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Lathrop School makes positive changes under Silveiras leadership
Lathrop Elementary Principal David Silveira and Vice Principal Karen Olsen look over an old picture of the original school that was built in the late 1800s. - photo by JASON CAMPBELL
LATHROP – David Silveira loves his job.

In a typical day as the principal at Lathrop Elementary it isn’t uncommon to see him smiling widely as he meanders through the sprawling campus joking with staff and students alike – using his upbeat and friendly demeanor to raise the morale of all of those around him.

And it’s with that approach that Silveira tackles the day-to-day duties of managing Lathrop’s oldest school.

In his five years at the helm Silveira has made some sweeping and significant changes at the elementary school in response to a myriad of situations ranging from gang problems to the overblown status of eight-grade “graduation” ceremonies. And that’s in addition to trying to push the school above the Academic Performance Index rating of 800 – the State of California benchmark for success on the mandated standardized testing.

But while he’s flourishing in his administrative role, that position wasn’t always one that he wanted to occupy.

Transition to the administrative ranks
After starting his education career as a student teacher at Nile Garden Elementary, Silveira spent several years as a primary-grade teacher at August Knodt before thinking about progressing up the ranks.

Once he got his administrative credential, Silveira took a job as the program director at August Knodt and Great Valley and eventually the Great Valley vice principal before realizing that he’d rather spend time in the classroom working with students.

“I love what I do now because it’s more like teaching, where you get to be creative about some of the things that you incorporate at your school,” Silveira said. “I didn’t think that was the case with the program director position, and as vice principal you’re more of the disciplinarian. It’s the creative aspect of pursuing your vision that drives me in what I do now, but it wasn’t always something that I wanted to do.”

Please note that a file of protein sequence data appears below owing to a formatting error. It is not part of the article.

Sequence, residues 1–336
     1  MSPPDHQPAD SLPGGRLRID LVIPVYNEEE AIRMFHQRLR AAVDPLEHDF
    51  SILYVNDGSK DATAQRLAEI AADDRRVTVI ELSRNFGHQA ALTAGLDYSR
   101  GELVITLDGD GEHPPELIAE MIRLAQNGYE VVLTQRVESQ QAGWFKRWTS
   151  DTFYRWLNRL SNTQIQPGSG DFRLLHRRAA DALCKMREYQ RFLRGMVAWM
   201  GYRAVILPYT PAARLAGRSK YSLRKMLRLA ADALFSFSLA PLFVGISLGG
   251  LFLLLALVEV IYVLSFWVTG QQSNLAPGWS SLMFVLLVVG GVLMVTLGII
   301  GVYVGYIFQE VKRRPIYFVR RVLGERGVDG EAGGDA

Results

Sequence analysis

And when he finally did get the nod to become a principal, he wasn’t quite sure that Lathrop was where he wanted to go.

“I really wanted to be at a new school, but those spots weren’t available, and at the time there was a stigma associated with being at Lathrop elementary,” Silveira said about the gangs and other influences on the campus. “But when I got here, I realized that kids are kids, and you just have to take problems as they come across rather than worrying about things before you actually get there. It has really been a great place to be, and I’m glad that I’m here.”

Making changes
When he arrived at Lathrop, the school was still holding its eighth-grade graduation ceremony at Sierra High. The length of the program was more than two hours.

While he had his own ideas of what the end-of-the-year ceremony should entail, it was a group of parents he was meeting with that really sparked the fire that brought the event back to Lathrop.

With a new stage erected in the middle of campus, eighth-graders and their parents could now take pride in having their celebration at home rather than having to travel to Manteca – to the school where, at the time, most would end-up attending.